.

Sly and the Family Stone Dust Off 'What's That Got to Do With Me'

Funk group unveil old recording of Jim and Jean track

Sly & The Family Stone
Stephen Paley
July 11, 2013 9:00 AM ET

Sly and the Family Stone are celebrating their career – and Sly Stone's 70th birthday – with the new anthology collection Higher!, out August 27th. To mark the release, the influential funk group dug deep into their vaults for mono single masters and old, rare recordings. Here, you can get an exclusive listen to Sly and the Family Stone's take on the track "What's That Got to Do With Me," originally by Jim and Jean.

Best Summer Songs of All Time: Sly and the Family Stone, 'Hot Fun in the Summertime'

"What's That Got to Do With Me" was originally released in February 1967; that July, Sly and the Family Stone were hard at work recording their debut, A Whole New Thing. Stone simply enjoyed the track, and the band set out to work on their own version. Jim and Jean's original featured gentle piano tickles and sweetly swinging drums, but the funk and soul masters inject excited energy into the track with wailing horns and soaring harmonies.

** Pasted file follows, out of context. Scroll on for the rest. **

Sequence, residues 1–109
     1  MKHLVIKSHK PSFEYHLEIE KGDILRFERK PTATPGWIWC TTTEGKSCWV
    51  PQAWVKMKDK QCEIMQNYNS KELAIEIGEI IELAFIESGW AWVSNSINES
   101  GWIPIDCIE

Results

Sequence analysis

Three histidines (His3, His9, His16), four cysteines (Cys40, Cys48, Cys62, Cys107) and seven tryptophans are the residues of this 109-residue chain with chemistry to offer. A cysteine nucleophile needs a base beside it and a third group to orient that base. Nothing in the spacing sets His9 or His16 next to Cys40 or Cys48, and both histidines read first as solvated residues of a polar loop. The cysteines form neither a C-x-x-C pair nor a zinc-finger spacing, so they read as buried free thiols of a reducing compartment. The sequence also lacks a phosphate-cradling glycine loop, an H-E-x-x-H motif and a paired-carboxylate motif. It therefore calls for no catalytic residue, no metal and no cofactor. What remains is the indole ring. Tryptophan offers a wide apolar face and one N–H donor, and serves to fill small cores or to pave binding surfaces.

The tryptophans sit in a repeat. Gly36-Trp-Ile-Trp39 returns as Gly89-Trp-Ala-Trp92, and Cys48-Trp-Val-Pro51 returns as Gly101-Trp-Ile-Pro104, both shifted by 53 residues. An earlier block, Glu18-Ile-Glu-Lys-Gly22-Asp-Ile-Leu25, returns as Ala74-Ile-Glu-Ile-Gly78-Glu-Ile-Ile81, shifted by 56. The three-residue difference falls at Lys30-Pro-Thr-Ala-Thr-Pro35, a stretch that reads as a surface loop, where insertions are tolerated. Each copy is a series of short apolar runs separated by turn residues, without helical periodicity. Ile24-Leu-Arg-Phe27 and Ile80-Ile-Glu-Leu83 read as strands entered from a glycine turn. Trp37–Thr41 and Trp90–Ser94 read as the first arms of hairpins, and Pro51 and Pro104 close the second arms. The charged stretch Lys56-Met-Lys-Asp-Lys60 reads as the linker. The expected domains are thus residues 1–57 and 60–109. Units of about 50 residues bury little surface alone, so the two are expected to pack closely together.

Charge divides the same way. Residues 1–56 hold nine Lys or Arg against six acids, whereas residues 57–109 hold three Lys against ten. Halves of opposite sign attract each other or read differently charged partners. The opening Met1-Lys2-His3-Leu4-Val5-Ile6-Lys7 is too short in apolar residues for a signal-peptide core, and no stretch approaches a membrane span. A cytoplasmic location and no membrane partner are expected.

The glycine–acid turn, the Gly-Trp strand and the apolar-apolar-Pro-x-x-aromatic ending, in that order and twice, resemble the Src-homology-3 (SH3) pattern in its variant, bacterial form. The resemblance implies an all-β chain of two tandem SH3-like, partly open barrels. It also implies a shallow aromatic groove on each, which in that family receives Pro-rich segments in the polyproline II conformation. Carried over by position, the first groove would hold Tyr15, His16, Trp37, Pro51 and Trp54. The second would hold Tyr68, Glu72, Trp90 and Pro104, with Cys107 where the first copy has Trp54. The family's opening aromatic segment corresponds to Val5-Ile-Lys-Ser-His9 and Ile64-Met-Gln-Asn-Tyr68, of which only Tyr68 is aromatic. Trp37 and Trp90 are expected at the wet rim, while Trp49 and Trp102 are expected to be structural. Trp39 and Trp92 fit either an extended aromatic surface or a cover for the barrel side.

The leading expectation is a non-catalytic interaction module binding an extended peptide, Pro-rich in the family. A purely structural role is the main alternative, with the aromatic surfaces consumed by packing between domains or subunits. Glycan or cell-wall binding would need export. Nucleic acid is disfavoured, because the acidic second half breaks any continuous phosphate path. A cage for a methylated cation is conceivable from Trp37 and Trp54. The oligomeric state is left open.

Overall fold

Higher!  features 77 tracks – 18 of which are previously unreleased – that span four CDs, as well as an illustrated 100 page book.

To read the new issue of Rolling Stone online, plus the entire RS archive: Click Here

prev
New and Hot Next

blog comments powered by Disqus
Around the Web
Powered By ZergNet
Daily Newsletter

Get the latest RS news in your inbox.

Sign up to receive the Rolling Stone newsletter and special offers from RS and its
marketing partners.

X

We may use your e-mail address to send you the newsletter and offers that may interest you, on behalf of Rolling Stone and its partners. For more information please read our Privacy Policy.

Song Stories

“Try a Little Tenderness”

Otis Redding | 1966

This pop standard had been previously recorded by dozens of artists, including by Bing Crosby 33 years before Otis Redding, who usually wrote his own songs, cut it. It was actually Sam Cooke’s 1964 take, which Redding’s manager played for Otis, that inspired the initially reluctant singer to take on the song. Isaac Hayes, then working as Stax Records’ in-house producer, handled the arrangement, and Booker T. and the MG’s were the backing band. Redding’s soulful version begins quite slowly and tenderly itself before mounting into a rousing, almost religious “You’ve gotta hold her, squeeze her …” climax. “I did that damn song you told me to do,” Redding told his manager. “It’s a brand new song now.”

More Song Stories entries »
 
www.expandtheroom.com